Every year on Thanksgiving I try to write. This morning, I sit in the quiet of my mom’s house and bask in the beauty of silence (no honking cars or beeping in reverse trucks outside window!). I listen for the Lord, and I’m thankful. This Thanksgiving is completely different from last Thanksgiving; instead of comparing the two and justifying which is better or worse, I’ve decided to embrace the change and find joy in the present time. The other day, one of my friends defined “joy” for me: a state of hope that isn’t fleeting or conditional. Always present. I think this is why Jesus Christ reminded us so often to be joyful—in triumph, trials, and everything in between. It isn’t a moment or a person or a situation that gives us joy. It is hope. Hope for a better future, an everlasting life of no pain, fear, or anxiety. Hope that what we are doing is making a difference—whether it be trying hard every day for our children, working every day to make ends meet, praying for a concern that hasn’t yet been answered, or living a thousand miles away from those you love to become a doctor. We do it all with joy for tomorrow, that tomorrow will be better today, and we hold that hope above all else. Joy and hope keep us going.
This time last year, my future was uncertain. I was interviewing at medical schools and finishing up my last year of college, without a real sense of where I would be this time next year. I was confident in God’s plan for me and trusted Him throughout the journey. When I got into Harvard, I was over the moon, but I was also scared. It became a reality that I would be leaving my family, my boyfriend, and my home for at least four years. I worried that I would lose touch with those I love, that my niece and nephew would not remember me, that long-distance would be riddled with problems, and that I would find out I wasn’t really cut out for medicine. But like all things, God has power over tomorrow and will always provide.
This year, I’m thankful for change. It is hard, and it rubs against the grain that we’ve made in life but helps us find new places for joy. I’m thankful that God put me in Boston. I love the city (despite the cars honking and beeps in the morning), and I’ve made the most wonderful friends who are kind, compassionate, and will make important changes in healthcare. Ultimately, I’m thankful for friends who push me to become a better me. I’ve found a Christian community that reminds me to pray often, fellowship with others, and live into the freedom that God gives us. My relationship with Avery has changed as we navigate loving from a distance, and I’m so thankful for his constant support and ability to adapt as life moves around us. I’ve had to be more intentional about calling family and staying connected. I’m thankful for the long calls and FaceTime chats we have about life. I have fallen in love with medicine and thank God for helping me believe in myself. I didn’t realize the beauty of working with patients, being trusted during sometimes the scariest time of a person’s life, and having the power to really make a difference in the lives of others. I love learning about complex medical problems and having hope that new, life-saving discoveries will be made in areas like genetics, cancer, and heart disease. I’m thankful for financial stability, the ability to live in Boston and attend school, and those who so generously help me. I’m thankful that my family is healthy and well. The gift of health is fragile and fleeting, and it really is our responsibility to do what we can for as long as we can.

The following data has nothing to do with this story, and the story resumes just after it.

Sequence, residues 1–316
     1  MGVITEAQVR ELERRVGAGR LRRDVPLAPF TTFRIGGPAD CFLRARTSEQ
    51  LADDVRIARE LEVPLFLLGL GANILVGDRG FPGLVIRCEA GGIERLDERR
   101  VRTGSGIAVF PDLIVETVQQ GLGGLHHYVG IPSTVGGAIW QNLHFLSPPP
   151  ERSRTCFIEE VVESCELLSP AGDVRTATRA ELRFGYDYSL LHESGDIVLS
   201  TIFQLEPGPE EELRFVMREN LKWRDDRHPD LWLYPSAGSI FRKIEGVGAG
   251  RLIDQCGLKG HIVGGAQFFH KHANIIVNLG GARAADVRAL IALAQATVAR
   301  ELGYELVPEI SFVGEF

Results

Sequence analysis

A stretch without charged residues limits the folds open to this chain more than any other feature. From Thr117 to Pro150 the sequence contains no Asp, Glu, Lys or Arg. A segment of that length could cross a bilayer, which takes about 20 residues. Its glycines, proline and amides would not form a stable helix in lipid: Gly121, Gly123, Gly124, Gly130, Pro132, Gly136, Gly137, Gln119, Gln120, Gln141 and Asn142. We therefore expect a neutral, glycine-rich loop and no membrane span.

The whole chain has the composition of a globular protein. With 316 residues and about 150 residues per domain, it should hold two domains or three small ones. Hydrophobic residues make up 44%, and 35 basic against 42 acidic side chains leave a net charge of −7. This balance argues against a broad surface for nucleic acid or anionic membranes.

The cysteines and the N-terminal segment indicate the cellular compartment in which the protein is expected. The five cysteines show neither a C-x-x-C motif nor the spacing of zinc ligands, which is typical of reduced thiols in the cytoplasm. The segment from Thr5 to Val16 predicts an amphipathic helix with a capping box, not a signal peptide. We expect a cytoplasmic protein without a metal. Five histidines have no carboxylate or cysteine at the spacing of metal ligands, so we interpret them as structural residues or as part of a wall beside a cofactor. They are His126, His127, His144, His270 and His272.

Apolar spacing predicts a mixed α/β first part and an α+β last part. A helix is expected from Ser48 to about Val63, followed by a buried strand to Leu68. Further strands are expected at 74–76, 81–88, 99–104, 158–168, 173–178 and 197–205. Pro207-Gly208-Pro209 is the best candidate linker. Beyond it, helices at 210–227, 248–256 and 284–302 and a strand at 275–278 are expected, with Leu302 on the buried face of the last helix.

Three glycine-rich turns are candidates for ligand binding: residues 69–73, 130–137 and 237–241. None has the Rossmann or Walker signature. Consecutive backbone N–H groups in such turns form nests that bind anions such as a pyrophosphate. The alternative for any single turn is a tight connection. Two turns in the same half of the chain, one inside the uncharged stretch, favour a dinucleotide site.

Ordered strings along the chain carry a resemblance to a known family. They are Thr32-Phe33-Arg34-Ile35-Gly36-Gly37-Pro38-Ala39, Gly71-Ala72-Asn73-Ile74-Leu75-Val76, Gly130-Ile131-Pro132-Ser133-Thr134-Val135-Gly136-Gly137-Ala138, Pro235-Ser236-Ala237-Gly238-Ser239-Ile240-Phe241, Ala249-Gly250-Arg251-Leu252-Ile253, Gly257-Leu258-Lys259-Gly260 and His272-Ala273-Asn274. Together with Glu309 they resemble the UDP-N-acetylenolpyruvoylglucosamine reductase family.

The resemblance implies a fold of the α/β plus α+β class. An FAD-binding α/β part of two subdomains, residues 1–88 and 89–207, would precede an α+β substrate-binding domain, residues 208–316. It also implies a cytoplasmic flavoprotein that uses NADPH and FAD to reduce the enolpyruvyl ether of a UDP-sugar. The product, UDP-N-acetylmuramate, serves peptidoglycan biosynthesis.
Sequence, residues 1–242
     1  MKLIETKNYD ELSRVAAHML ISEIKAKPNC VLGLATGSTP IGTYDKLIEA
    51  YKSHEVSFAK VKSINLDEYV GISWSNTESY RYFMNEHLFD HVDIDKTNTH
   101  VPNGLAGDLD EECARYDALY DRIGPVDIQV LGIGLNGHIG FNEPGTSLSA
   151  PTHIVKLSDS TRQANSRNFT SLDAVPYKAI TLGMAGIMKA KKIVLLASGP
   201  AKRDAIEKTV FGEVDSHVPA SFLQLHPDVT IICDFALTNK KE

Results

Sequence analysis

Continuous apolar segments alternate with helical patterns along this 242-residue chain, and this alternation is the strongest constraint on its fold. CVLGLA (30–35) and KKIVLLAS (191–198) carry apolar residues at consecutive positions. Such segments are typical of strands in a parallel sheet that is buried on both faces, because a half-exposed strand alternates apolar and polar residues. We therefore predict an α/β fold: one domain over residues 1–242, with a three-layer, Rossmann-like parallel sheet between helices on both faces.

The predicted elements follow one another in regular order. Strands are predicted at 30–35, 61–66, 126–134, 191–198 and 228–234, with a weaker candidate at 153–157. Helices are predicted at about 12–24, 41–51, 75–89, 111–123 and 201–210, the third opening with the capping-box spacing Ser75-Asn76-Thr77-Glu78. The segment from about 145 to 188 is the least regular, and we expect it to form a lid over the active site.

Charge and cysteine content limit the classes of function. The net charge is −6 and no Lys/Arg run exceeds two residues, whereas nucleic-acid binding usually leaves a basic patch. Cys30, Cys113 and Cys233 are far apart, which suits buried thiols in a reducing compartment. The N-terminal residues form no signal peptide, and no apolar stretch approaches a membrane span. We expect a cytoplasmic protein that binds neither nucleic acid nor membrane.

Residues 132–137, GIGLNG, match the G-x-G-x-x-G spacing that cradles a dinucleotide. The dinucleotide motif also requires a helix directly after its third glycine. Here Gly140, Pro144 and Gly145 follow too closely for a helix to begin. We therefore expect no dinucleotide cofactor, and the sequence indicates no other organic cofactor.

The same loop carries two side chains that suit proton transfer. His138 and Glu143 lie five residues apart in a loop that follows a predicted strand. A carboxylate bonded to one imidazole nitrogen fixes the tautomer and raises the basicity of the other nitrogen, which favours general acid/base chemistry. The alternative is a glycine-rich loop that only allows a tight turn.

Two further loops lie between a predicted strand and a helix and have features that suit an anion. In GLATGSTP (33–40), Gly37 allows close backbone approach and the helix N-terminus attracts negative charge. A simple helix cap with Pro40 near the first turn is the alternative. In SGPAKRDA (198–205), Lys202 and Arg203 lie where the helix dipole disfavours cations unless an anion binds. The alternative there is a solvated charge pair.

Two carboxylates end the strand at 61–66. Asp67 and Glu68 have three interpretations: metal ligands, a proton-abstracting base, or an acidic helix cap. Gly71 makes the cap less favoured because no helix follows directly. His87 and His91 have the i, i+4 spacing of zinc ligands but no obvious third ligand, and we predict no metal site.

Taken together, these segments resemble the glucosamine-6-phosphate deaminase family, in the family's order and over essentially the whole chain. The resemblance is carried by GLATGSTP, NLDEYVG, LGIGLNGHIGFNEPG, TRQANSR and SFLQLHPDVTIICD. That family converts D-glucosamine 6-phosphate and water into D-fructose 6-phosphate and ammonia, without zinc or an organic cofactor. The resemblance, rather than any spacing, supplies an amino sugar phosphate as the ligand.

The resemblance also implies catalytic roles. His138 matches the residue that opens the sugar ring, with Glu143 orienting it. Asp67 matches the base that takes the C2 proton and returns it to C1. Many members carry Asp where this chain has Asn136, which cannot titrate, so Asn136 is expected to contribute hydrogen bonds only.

I’m thankful for home, both the place and the people, because without it none of this would matter. Home is where I’m grounded, renewed, refreshed, and reminded of what’s important. Home helps me remember that change comes unexpectedly at times, but joy and hope persist despite evolving circumstances. That is something to be thankful for.